2. Rates: In some cases, the banks’ insurance may seem price-competitive, but it’s important to remember that these rates are typically age-banded and will increase according to your age.

3. Options: The bank does not offer a return of premium option to get all your money back if you never have to claim. Most banks’ policies do not include Best Doctors.

4. Changes in health: If you purchase the bank’s coverage and then later experience a change in health, the bank has the opportunity to decline your coverage should you change your mortgage.

5. Decreases in coverage: As you pay down your mortgage, the bank’s CI plans decline at the same amount, just like mortgage life insurance.

What Are Some Options to Consider When Purchasing a Critical Illness Policy?

One of the most popular riders that many people purchase is the “return of premium” option. There are not many insurance policies in the Canadian marketplace that allow you to get 100% of your money back if you never have to use the insurance.

If you think of all your different types of insurances — car insurance, home insurance, term life insurance, disability insurance, long-term care insurance — you pay a premium to be covered, and if you never claim, the insurance company wins. With this option, the insurance will pay you in one of three ways.

1. If you die, your beneficiary will get 100% of your paid premiums back.

2. If you never have to claim, you will receive 100% of your money back at a stated period.

3. If you claim, you will receive the benefit in a tax-free lump sum payment to use how ever you best see fit.

With the continued current low interest rate environment, some insurers have taken this option off the shelves for new policyholders. Insurance companies are realizing that if these interest rates continue, the option to give people their money back would be unsustainable. If you are looking to purchase a policy in the near future, this may be a great option to consider — especially since it may not be around much longer. RBC Insurance took this option off its shelf recently, and other insurers are likely to follow suit.

How Much Does it Cost?

This insurance is not cheap, but there is a reason why. Consider the statistics from the www.cancer.ca website.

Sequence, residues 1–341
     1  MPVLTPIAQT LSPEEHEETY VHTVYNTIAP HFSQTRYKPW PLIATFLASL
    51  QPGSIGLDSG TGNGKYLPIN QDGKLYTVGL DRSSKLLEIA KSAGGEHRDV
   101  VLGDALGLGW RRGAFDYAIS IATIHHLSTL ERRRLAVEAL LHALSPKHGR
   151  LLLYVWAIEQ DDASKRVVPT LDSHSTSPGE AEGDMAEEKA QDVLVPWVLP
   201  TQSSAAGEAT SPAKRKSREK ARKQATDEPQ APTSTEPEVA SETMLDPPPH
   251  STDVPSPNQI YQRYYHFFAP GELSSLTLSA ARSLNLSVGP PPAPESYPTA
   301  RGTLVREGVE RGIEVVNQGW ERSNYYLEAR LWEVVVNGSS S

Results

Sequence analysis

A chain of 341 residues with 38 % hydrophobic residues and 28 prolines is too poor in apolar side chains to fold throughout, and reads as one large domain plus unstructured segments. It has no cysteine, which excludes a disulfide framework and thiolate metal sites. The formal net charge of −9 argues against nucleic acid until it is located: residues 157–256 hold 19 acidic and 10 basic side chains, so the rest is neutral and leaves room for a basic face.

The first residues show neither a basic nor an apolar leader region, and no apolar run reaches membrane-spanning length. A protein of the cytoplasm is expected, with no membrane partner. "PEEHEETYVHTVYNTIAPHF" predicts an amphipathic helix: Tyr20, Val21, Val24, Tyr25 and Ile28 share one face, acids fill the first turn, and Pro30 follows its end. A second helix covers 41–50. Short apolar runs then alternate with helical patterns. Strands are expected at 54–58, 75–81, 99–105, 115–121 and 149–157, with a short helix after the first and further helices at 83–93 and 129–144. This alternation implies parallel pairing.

• Two out of five Canadians (46% of men and 41% of women) are expected to develop cancer during their lifetime.

• One out of four Canadians (28% of men and 24% of women) are expected to die from cancer.

• It is estimated that in 2013:

o 96,200 Canadian men will be diagnosed with cancer and 39,400 men will die from cancer.
o 91,400 Canadian women will be diagnosed with cancer and 36,100 women will die from cancer.
o On average, more than 500 Canadians will be diagnosed with cancer every day.
o On average, more than 200 Canadians will die from cancer every day.

Unfortunately, we all know someone — whether a family member, relative, or friend — who has suffered from cancer or one of the other covered illnesses.

The cost is based on your age, gender, smoking status, selected amount of coverage, and duration of coverage. Family history can also have a bearing on the cost that you pay for this insurance.

Pricing example: $100,000 Coverage — Term 10 for a 40-year-old male non-smoker

Canada Life — $46.71 per month
Manulife — $48.07 per month
Sun Life — $46.80 per month

The fact will always remain that “Your Health Is Your Wealth”!

Jack Larmond

Biography of Jack Larmond
Jack W. Larmond, B. Comm. (Honours B.A.), GBA, is a consultant at The Benefits Company, which specializes in Employee Benefits and Pension Plans (www.thebenefitscompany.ca).
Jack is also the principal and owner of J.W. Larmond Life Insurance & Benefits, where he is able to assist clients with Life Insurance, Disability Insurance, and Critical Illness planning (lifeinsuranceadviser.com).

With a concentration in finance at the University of Windsor and industry experience since 2006, Jack is able to bring a wealth of knowledge to all of his clients. Jack was exposed to the financial business at a young age, with his father being a top financial planner in Canada. Jack is committed to being a specialist and expert in the areas of employee benefits and assisting business owners, professionals, and families with their life insurance and living benefits needs. He earned his GBA (Group Benefits Associate) designation, which illustrates his dedication to the insurance and employee benefits marketplace. As a broker, Jack is able to help clients plan by having access to all options in the marketplace. Jack has continued to build his clientele with hard work, trust, and unique marketplace solutions.

Jack is very close to his family and friends. He is a true believer in working hard but having a solid work-life balance. Jack is an avid skier, hockey player, and golfer. He has a very positive outlook on life: “What you believe, you will become.”

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  • J Hall
    January 23, 2014 at 4:38 pm

    Critical Illness Insurance really is a misunderstood product.

    A lot of people really miss the boat when reading the definitions. There uis a lot not coverage

    • LSM Insurance
      January 23, 2014 at 6:25 pm

      You make a very good point on the need to properly understand the definitions and exclusions